We wish to emphasize that the curve in Fig. 21 indicates the resistance


change due to leakage current only, and not the absorption current which
may appear for a period of time with each change in voltage. It may be
necessary to wait an appreciable amount of time after each voltage change
for the absorption current to disappear before taking a reading.
44 A STITCH IN TIME

Values of Log10 been shown to reveal non-destructively incipient weaknesses in insulation


which could not otherwise be found, except possibly by partial discharge
detection at non-destructive AC test voltage levels.
The technique involves the application of two or more DC voltages, and
critically observing any reduction of insulation resistance at the higher
voltage. Any marked or unusual reduction in insulation resistance for a
prescribed increase in applied voltage is an indication of incipient weakness.
It is important to mention that the merits of this technique arise from more
recent investigations which indicate that rather high DC voltage can be used
to detect weaknesses without damaging the insulation. The maximum value
of voltage which should be used will depend largely on the cleanliness and
dryness of the insulation to be tested.
In making tests on insulation at such DC voltages, the ohmmeter method
has at least two advantages. First, prescribed fixed voltages are switched
into use, and one instrument measurement made with the direct reading
ohmmeter. This is a simple and reproducible method compared to one in
which many choices of voltage are available. Another important advantage
A STITCH IN TIME 43

of the ohmmeter can be explained by referring to Fig. 21. In this figure, the
change which may occur in leakage current after the absorption current has
disappeared is shown plotted in terms of insulation resistance against three
different voltages. Note that there is no change in resistance shown in the
figure between 500 and 1000 volts, indicating no change in the insulation
as a result of applying these two voltages. This is an assumption, but is a
condition which is not uncommon in practice. If the insulation continues to
be stable at 2500 volts, there will be no change in the insulation resistance
value obtained, which is shown by the dotted extension of the horizontal
line in the figure. When non-linear conditions appear at a higher voltage, the
voltage resistance curve reveals this very clearly by a lower resistance value,
indicated by the downward curve in the figure. The figure, therefore, reveals
the simplicity of determining the change in insulation stability by using three
fixed voltages which are easily reproducible when making three-voltage tests
been shown to reveal non-destructively incipient weaknesses in insulation
which could not otherwise be found, except possibly by partial discharge
detection at non-destructive AC test voltage levels.
The technique involves the application of two or more DC voltages, and
critically observing any reduction of insulation resistance at the higher
voltage. Any marked or unusual reduction in insulation resistance for a
prescribed increase in applied voltage is an indication of incipient weakness.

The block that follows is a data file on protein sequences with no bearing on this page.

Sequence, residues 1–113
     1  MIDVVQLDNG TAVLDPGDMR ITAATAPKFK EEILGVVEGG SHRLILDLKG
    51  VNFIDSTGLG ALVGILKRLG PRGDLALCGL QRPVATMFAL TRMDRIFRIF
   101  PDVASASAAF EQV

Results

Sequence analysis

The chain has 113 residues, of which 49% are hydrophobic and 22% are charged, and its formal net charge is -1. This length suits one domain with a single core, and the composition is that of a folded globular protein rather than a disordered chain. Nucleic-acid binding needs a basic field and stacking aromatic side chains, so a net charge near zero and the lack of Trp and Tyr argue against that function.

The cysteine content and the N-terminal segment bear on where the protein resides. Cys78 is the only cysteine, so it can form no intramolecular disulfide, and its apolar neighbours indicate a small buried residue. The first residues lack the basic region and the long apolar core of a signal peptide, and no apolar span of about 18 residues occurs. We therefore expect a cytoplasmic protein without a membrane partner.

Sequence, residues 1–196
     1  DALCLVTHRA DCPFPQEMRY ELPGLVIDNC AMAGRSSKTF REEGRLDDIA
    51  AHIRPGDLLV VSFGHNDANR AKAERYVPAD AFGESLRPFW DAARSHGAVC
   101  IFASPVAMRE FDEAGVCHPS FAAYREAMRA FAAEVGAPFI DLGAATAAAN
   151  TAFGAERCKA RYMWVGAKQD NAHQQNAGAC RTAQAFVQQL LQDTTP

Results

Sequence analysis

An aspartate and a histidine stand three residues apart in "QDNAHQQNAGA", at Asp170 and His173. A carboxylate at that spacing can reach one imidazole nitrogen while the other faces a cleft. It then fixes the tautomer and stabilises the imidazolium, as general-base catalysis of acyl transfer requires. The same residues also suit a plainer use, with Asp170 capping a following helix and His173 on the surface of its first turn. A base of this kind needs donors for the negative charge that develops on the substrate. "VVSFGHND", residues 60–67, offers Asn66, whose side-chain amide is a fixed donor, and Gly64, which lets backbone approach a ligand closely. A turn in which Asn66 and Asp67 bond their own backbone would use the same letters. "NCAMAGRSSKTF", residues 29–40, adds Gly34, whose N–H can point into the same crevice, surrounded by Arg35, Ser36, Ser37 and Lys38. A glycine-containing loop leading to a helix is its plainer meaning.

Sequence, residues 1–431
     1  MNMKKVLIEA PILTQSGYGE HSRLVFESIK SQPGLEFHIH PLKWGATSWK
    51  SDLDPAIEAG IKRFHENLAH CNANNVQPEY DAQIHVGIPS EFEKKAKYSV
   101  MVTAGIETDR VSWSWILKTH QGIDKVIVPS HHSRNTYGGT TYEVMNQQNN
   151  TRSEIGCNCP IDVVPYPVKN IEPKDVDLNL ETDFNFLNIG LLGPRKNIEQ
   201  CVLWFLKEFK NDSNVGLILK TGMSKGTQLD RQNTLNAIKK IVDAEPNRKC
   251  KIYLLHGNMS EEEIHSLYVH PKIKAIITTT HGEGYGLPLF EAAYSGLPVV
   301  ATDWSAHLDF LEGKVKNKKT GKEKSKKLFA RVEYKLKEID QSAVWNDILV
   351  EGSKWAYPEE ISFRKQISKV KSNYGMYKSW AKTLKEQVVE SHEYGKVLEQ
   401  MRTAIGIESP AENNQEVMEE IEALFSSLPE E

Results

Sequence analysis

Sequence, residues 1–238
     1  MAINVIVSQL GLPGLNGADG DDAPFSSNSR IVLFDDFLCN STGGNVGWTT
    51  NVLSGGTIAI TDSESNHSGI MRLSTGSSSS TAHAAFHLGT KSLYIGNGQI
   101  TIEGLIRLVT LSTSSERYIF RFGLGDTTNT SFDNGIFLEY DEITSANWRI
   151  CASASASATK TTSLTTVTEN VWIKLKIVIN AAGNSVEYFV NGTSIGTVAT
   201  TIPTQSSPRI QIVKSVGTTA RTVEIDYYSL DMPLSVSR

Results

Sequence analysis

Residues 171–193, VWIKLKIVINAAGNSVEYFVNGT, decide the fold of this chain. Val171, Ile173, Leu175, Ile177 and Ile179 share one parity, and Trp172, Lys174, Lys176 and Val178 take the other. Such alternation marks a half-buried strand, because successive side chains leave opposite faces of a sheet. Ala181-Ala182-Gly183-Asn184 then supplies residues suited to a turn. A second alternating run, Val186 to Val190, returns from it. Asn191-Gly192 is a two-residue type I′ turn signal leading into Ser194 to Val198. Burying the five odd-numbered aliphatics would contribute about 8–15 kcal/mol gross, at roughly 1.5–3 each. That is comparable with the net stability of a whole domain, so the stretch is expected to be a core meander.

It is important to mention that the merits of this technique arise from more
recent investigations which indicate that rather high DC voltage can be used
to detect weaknesses without damaging the insulation. The maximum value
of voltage which should be used will depend largely on the cleanliness and
dryness of the insulation to be tested.
In making tests on insulation at such DC voltages, the ohmmeter method
has at least two advantages. First, prescribed fixed voltages are switched
into use, and one instrument measurement made with the direct reading

ohmmeter. This is a simple and reproducible method compared to one in


which many choices of voltage are available. Another important advantage
A STITCH IN TIME 43

of the ohmmeter can be explained by referring to Fig. 21. In this figure, the
change which may occur in leakage current after the absorption current has
disappeared is shown plotted in terms of insulation resistance against three
different voltages. Note that there is no change in resistance shown in the
figure between 500 and 1000 volts, indicating no change in the insulation
as a result of applying these two voltages. This is an assumption, but is a
condition which is not uncommon in practice. If the insulation continues to
be stable at 2500 volts, there will be no change in the insulation resistance
value obtained, which is shown by the dotted extension of the horizontal
line in the figure. When non-linear conditions appear at a higher voltage, the
voltage resistance curve reveals this very clearly by a lower resistance value,
indicated by the downward curve in the figure. The figure, therefore, reveals
the simplicity of determining the change in insulation stability by using three
fixed voltages which are easily reproducible when making three-voltage tests

D
d
Values continued on next page.
A.W.G.
or C.M.
INSULATION THICKNESS INCHES
.047 .063 .078 .094 .109 .125 .141 .156 .172 .188 .203 .219 .234
14
12
10
86
Sol.
Str.
.392
.334
.283
.239
.470
.405
.348
.296
.225
.537
.467
.404
.347
.267
.594
.520
.453
.392
.305
.645
.568
.498
.432
.340
.691
.611
.538
.470
.373
.732
.651
.575
.505
.403
.770
.686
.609
.537
.431
.804
.720
.641
.566
.453
.836
.751
.670
.594
.483
.866
.779
.698
.621
.506
.894

.806
.723
.645
.529
.921
.832
.748
.669
.550
54321
1/0
.206
.187
.171
.155
.139
.126
.245
.224
.204
.186
.168
.152
.281
.257
.236
.215
.195
.177
.314
.289
.265
.243
.220
.201
.346
.318
.293
.269
.244
.223
.373
.345
.318
.293
.267
.244
.401
.371
.343
.316
.288
.264
.426
.395
.366
.338
.309
.284
.450
.418
.388
.359
.328
.302
.463
.440